Articles Tagged with religious discrimination lawyer

The question of religious liberties in schools is being pushed to the limits with a recent case out of the state of religious discriminationWashington. A former assistant coach at high school just outside of Seattle lost his job after he was asked to stop praying after football games on the field and he refused. He is now seeking help from the Supreme Court to overturn the 9th Circuit Court of Appeals‘s rejection of his appeal earlier this year. Plaintiff claims his religious and personal rights have been infringed upon by the district, according to Seattle Times.

The question boils down to where the line is for the personal rights of school employees when in the presence of students. It is well known that in public schools, school-sponsored prayer is not allowed, nor is the teaching of a religion. This would be a violation of the First Amendment of the U.S. Constitution, which prevents the passage of any law that would establish a religion. Schools are funded by tax dollars, making school employees government workers who are accountable to holding up constitutional liberties. Teaching about religions in general and their place in history is allowed. It is less clear, however, the ways in which public servants, including teachers, are allowed to express their personal religious beliefs.

The Supreme Court has addressed prayer in schools many times over. In 1962, the historic case of Engel v. Vitale arose when parents objected to prayer recitation at the beginning of the school day, even though it was voluntary. The court determined such a practice was unconstitutional because a state official was deciding on a religious message to share with students and encouraging its recitation. In 2000, the court ruled 6-3 in Santa Fe Independent School District v. Doe that prayer before a football game, even if led by students, was still the imposition of a religion at a school event in such a way that students who do not practice that religion would feel coerced into participation as a result of social pressures. Where, then, is the line between personal free speech and the enactment of a certain religion when it comes to students and teachers?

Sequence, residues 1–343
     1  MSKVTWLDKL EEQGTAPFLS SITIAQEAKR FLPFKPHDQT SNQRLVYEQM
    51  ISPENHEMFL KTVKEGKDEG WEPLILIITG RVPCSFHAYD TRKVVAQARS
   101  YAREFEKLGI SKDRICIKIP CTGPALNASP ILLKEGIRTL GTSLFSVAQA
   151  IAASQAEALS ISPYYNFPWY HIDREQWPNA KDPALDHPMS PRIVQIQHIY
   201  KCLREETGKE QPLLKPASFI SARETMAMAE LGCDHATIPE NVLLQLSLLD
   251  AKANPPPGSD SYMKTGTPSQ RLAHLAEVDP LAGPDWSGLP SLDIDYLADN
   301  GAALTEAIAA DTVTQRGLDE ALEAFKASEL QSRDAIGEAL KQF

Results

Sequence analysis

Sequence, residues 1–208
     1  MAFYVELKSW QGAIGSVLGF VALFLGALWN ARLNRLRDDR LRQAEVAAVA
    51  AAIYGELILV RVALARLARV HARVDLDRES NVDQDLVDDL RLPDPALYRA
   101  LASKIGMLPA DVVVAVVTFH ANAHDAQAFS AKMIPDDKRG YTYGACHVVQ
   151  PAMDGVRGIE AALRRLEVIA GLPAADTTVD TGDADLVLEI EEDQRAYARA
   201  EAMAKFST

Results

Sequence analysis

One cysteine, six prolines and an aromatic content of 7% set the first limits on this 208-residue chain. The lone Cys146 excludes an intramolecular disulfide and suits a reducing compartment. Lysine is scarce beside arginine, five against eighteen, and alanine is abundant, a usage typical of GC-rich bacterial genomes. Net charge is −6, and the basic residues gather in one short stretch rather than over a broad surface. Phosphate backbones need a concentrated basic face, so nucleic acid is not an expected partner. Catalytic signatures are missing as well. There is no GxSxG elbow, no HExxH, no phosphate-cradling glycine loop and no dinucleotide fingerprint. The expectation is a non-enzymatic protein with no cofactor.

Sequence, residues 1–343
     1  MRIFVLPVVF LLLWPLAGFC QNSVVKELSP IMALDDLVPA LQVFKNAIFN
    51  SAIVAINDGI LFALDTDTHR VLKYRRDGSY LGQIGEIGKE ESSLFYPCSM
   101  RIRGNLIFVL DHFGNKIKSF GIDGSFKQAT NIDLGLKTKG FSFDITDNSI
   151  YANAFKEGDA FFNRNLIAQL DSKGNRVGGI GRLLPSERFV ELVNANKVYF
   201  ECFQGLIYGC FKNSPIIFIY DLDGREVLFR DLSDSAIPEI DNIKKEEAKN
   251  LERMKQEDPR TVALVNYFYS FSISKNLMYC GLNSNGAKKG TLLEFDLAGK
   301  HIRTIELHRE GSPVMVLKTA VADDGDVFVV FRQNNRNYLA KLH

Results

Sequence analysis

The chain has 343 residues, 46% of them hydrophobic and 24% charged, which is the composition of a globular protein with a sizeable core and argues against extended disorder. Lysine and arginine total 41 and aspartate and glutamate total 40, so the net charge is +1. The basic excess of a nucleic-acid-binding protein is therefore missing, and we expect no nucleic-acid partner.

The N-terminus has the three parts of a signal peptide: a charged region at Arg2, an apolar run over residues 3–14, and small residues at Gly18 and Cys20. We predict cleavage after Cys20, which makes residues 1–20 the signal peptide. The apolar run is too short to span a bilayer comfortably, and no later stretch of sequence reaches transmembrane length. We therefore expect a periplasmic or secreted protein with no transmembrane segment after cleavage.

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Federal law protects the right to practice your religion as you see fit, with Title VII of the Civil Rights Act of 1964 prohibits employers from discriminating against an employee for their religious beliefs, as well as race, color, sex, or national origin. Employers must also provide reasonable accommodations for employees to practice their religion “unless an employer demonstrates that he is unable to reasonably accommodate to an employee’s or prospective employee’s religious observance or practice without undue hardship.”religious discrimination

However, this is not the only way religion can affect the work place. Take for example a recent lawsuit in U.S. District Court for the Eastern District of New York in which a discount medical plan provider and its parent company were recently ordered to pay 10 former employees a sum of $5.1 million, after plaintiffs claimed management within the company wanted them to participate in specific religious practices and allegedly retaliated against them when they refused, according to Newsday. Continue reading

Observance of some religious tenants are more visible than others, but none are legally allowed to be used as a basis upon which to deny employment or career advancement. But that’s exactly what is alleged to have happened to a Sikh doctor who alleges a medical organization denied him employment due to his religious appearance.doctor

Plaintiff is a licensed and board-certified physician practicing neurology in Kentucky. He is an observant Sikh who keeps the religiously-mandated beard and turban. He says the hiring process was initiated in 2014. A recruiter praised the doctor’s credentials and experience in a series of telephone interviews. However, after the doctor submitted photographs of himself, along with information about Sikhism, all future interviews were abruptly canceled. The job then was left vacant for an extended time.

In a federal religious discrimination lawsuit filed on his behalf by The Sikh Coalition, plaintiff asserts it was very clear to him he was denied a job at defendant medical group because of both his ethnic background and religious appearance.  Continue reading

A Pennsylvania health care provider agreed to settle with six of its former employees who alleged they were fired because they were denied a religious exemption from the company’s policy that required mandatory vaccination. The company agreed to pay $300,000, which will cover back pay and damages to the half dozen workers. sad

The company required workers to receive a mandatory flu vaccine, starting in 2013. The policy spelled out that workers who declined to receive the vaccine, either due to medical reasons or for religious purposes, could opt to wear a face mask instead while interacting with patients throughout the season when flu is the most prevalent.

The Equal Employment Opportunity Commission (EEOC) filed an employment lawsuit on their behalf, asserting that for the 2013-2014 flu season, the workers in question asked for a religious exemption to the policy, and yet were denied their request. Meanwhile, the facility did grant 13 vaccination exemptions that were requested by others on the basis of medical issues. Continue reading